Gentoo Archives: gentoo-amd64

From: Marco Matthies <marco-ml@×××.net>
To: gentoo-amd64@l.g.o
Subject: Re: [gentoo-amd64] Re: gcc compile failed after 2005.1-r1 instalation [OT- html posts]
Date: Fri, 09 Dec 2005 08:06:52
Message-Id: 43993ABA.2080606@gmx.net
In Reply to: RE: [gentoo-amd64] Re: gcc compile failed after 2005.1-r1 instalation [OT- html posts] by Bob Young
Bob Young wrote:
> I know that many share this opinion, and although I don't want to start a > flame war, I do think there are some valid counter points in favor of html. > Everyone is of course free to filter content based on his or her own > preferences. However most of the reasons given against posting html aren't > really all that strong. In fact the only thing http://www.emailreplies.com/ > suggests is that recipients "*might* only be able to receive plain text > emails." It goes on to note: "Most email clients however... are able to > receive HTML and rich text messages." It's pretty rare that a modern email > client can't deal with html. I would argue that the very few desktops not > using some flavor of GUI should not force a limiting "least common > denominator" type policy.
Using plain text makes it much easier for a screen reader to read out a message to a blind person. It works with every email client, even over a slow ssh link. It's the standard, and for a good reason.
> The other common reason given against html is storage space/bandwidth > issues. This is a weak argument also; in cost per megabyte storage is > dirt-cheap. [...]
Take the worlds email traffic, add 20% to it -- i'm pretty sure you wouldn't regard that as insignificant.
> Lastly there are some things that are just easier to communicate in a html > format, diagrams and tables come to mind, we've all seen ASCII diagrams of > various things and had to stare at them trying to decipher what was the > author actually trying to communicate. Even in a mostly text message, bold, > italic, enlarged/reduced, or colored text used for emphasis or de-emphasis > can make communication much more clear. In short I just think that there is > this "knee-jerk" reaction to html email in the FLOSS community, and it isn't > justified by an objective evaluation.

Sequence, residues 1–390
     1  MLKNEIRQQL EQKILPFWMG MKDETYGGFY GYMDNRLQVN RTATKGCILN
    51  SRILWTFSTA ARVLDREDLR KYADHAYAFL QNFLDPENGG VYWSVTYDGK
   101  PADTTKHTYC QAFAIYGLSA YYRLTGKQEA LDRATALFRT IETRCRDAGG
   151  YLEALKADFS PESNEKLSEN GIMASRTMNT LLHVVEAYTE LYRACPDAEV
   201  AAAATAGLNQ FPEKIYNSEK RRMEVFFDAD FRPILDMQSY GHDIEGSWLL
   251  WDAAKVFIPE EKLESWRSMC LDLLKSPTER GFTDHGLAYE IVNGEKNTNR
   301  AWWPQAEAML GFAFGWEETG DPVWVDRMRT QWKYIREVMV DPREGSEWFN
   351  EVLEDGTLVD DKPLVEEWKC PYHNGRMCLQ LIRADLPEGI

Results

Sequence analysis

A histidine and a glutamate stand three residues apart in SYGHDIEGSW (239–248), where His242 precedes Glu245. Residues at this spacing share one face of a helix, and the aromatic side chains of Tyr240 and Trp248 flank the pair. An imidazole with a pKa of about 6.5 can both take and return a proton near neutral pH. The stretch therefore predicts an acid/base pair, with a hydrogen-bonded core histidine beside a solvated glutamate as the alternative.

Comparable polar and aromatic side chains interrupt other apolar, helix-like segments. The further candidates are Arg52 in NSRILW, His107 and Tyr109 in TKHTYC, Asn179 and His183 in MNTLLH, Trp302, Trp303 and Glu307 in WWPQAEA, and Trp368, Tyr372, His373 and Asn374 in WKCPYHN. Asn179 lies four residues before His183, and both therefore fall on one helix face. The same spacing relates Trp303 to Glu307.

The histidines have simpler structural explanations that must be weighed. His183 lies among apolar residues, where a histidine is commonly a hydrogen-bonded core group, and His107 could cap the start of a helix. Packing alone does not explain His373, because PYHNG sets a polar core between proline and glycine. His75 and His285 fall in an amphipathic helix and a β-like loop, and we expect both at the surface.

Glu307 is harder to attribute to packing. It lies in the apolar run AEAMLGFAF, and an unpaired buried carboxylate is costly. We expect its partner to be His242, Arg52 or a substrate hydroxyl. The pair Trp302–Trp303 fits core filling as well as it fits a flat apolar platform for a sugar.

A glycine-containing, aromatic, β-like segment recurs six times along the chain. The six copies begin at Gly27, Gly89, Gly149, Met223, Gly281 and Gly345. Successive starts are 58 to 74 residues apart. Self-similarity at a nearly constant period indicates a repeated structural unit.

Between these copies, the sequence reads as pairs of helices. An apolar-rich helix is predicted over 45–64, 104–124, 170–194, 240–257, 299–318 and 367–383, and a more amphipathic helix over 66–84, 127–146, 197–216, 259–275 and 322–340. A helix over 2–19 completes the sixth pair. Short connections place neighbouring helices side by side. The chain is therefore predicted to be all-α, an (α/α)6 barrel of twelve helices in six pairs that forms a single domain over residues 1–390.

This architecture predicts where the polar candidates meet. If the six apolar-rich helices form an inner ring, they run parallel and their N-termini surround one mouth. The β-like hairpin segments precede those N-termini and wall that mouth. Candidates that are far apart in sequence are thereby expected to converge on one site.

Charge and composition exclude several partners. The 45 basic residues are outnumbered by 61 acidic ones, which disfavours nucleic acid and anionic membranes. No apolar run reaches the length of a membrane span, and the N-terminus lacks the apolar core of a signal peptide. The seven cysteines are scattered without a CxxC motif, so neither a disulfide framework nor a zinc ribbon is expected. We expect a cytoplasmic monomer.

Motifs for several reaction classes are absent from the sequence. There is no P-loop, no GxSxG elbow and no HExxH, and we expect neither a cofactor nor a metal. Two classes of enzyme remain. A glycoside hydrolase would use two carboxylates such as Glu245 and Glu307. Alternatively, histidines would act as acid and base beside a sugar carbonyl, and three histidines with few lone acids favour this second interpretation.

Honestly, how many emails on public lists (such as gentoo-amd64) do you know that make good use of html? In my experience, this is less than 1%. But let us pretend for a second that people practised tasteful use of html to enhance their messages as you suggested. The problem is then that everyone uses a slightly different style, and that looks ugly when flipping from message to message -- just imagine a magazine with every page in a different layout. This does not increase readability at all. Besides, tables work fine in ascii, /adding/ *emphasis* _works_ as well, and if you cannot manage ascii art you can always attach an image if you must, just like you would do in html. Hyperlinks also work fine, just put them inline http://foo.bar/ or reference [1] them for later use. [1] http://foo.bar/ Sincerely, Marco P.S. Somehow your quoting mechanism doesn't work correctly, making it hard to distinguish between your answer and the part of the message you are quoting. -- gentoo-amd64@g.o mailing list

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RE: [gentoo-amd64] Re: gcc compile failed after 2005.1-r1 instalation [OT- html posts] Bob Young <BYoung@××××××××××.com>